Castor Resistance 2008 - Big Demonstration

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Thousands Of People Protesting Against Nuclear Power In Gorleben
A descriptive banner showing waste overflowing to leaky disposal sites
An ill earth protests Gorleben and nuclear power
"Gorleben Women" - a local resistance group

16 000 Gather to protest against Castor

8 November - A crowd of 16 000 people demonstrated against the Castor transport in Gorleben today, marching through the town and eventually settling just outside of it, near to the gates of the "Zwischenlager" - the temporary nuclear waste disposal site (also located in Gorleben) - to listen to speeches and music. Madsen, a very popular band, ended the event to a very lively and dance-happy crowd.

The protesters were accompanied by at least 400 tractors - a powerful testament to the sense of solidarity that exists around the issue of nuclear power and nuclear waste in this region. Gorleben is the 'ground zero' of the nuclear waste issue in Germany - it is the site of an old mine that the German government is hoping to turn into a permanent nuclear waste disposal site. For decades, the local people in and around Gorleben have been welcoming outside activists onto their land and into their homes, to help strengthen a movement whose aim is to force the German government and the nuclear industry to take responsibility for their decisions to propagate a dangerous and unnecessary power source.

The subject of nuclear waste disposal is a central one in Germany right now, and the anti-nuclear movement is arguably the strongest social movement in the country, with a histroy of public disobedience stretching back into the 1970s.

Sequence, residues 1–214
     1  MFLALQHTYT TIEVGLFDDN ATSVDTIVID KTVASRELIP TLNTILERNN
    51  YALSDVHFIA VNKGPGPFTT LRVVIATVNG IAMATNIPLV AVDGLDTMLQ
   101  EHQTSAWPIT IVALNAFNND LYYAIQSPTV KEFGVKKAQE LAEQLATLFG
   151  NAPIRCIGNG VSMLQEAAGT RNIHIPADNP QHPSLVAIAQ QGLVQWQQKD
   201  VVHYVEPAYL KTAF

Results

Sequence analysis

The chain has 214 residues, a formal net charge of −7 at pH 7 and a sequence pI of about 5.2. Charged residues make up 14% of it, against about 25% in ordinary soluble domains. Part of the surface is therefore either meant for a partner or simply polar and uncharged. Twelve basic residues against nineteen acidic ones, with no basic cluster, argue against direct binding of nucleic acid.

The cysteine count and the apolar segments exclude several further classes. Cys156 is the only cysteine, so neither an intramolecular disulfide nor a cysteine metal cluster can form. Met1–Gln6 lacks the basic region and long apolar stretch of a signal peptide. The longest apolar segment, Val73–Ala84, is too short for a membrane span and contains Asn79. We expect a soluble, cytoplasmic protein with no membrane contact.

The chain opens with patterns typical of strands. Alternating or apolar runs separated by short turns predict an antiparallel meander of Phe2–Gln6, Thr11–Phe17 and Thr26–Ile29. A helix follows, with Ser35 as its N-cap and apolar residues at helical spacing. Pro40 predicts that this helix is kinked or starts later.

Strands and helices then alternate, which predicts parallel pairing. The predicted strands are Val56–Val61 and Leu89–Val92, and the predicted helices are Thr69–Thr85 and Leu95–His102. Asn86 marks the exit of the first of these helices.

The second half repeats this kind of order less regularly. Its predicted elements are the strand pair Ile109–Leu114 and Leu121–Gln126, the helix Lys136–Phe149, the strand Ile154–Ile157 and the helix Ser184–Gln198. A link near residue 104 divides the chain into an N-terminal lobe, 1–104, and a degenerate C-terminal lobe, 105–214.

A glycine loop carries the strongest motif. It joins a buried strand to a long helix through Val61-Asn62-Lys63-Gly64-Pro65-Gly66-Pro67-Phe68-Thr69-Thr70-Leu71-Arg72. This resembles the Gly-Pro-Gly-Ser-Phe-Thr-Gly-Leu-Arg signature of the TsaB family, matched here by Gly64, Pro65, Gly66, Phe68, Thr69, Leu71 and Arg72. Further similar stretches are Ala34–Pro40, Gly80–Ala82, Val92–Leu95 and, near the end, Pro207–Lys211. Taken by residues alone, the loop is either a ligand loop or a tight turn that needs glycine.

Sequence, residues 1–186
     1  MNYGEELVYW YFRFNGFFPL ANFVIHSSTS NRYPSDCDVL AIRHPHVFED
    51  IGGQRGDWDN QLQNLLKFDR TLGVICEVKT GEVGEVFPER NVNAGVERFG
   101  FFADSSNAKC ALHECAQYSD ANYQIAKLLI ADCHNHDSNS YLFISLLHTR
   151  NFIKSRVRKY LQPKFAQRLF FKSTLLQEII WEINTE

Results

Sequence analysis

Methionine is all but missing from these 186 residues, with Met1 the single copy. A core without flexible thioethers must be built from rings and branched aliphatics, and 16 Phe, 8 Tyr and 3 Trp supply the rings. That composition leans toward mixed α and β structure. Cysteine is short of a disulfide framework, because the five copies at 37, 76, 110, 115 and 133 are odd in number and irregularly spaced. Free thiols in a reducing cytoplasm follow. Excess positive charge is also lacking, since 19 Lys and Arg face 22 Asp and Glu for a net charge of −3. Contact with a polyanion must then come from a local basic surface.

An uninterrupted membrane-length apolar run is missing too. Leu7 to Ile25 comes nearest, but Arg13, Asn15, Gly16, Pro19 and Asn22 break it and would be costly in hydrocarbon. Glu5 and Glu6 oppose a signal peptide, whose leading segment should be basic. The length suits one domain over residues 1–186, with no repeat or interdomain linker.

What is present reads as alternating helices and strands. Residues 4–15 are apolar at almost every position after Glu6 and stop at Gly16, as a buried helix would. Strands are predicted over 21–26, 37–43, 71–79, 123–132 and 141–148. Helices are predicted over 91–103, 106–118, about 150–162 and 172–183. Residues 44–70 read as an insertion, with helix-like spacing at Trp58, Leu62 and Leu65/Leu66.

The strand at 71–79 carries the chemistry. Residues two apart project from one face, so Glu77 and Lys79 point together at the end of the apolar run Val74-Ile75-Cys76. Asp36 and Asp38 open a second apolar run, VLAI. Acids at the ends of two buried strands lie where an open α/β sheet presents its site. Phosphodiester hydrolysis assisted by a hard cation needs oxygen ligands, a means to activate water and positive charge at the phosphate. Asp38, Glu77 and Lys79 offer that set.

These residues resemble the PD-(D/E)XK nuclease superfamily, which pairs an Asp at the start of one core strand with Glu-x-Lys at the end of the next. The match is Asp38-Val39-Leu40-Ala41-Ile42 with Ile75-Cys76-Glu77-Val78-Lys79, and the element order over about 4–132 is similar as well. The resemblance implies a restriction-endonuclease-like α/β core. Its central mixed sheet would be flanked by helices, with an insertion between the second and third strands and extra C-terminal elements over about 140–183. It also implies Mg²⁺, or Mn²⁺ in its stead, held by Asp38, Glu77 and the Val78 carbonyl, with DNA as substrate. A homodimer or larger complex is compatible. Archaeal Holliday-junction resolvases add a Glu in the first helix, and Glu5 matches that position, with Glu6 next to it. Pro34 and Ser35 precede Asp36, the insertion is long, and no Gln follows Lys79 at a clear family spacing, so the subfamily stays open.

The rally in Gorleben was a family-friendly continuation of this tradition. Police presence was very pronounced, with police officers from around Germany, each with their own specific uniform, placed along the entire route of the procession. Upon arriving at its destination, the crowd found itself still surrounded by police - although in general the troops stayed outside of the festivities, watching the thousands from the sidelines, and patroling in the nearby forest rather than walking through the dense crowd.

The march began at 13:00, and began to dissipate soon after dark. As young families began to pull their children past the lines of officers, however, around 500 people stayed behind to blockade the main gate of the Zwischenlager. It is at this gate that the Castor transport will unload its toxic and radioactive cargo.

This action was organized beforehand by "X-tausendmal quer" - a non-violent action group focusing on the nuclear issue. The crowd of blockaders was supported by tractors, and a loud soundsystem played local radio reports of the action to the people sitting on the road. Over the course of the evening, the number of police patroling the blockade steadily increased, and special supply cars carrying riot gear, floodlights, and surveillance cameras also arrived.

As of late Saturday night, police had not attempted to remove the blockade. Organizers and activists do not expect police to make any attempt to do so until the Castor transport is nearer to its destination. This kind of delayed reaction makes it unlikely that participants will be available to blockade the gate as the Castor transport arrives. Blockaders will probably be removed from the area just before its arrival, so that the police can keep them in custody until the transfer of the waste is completed.

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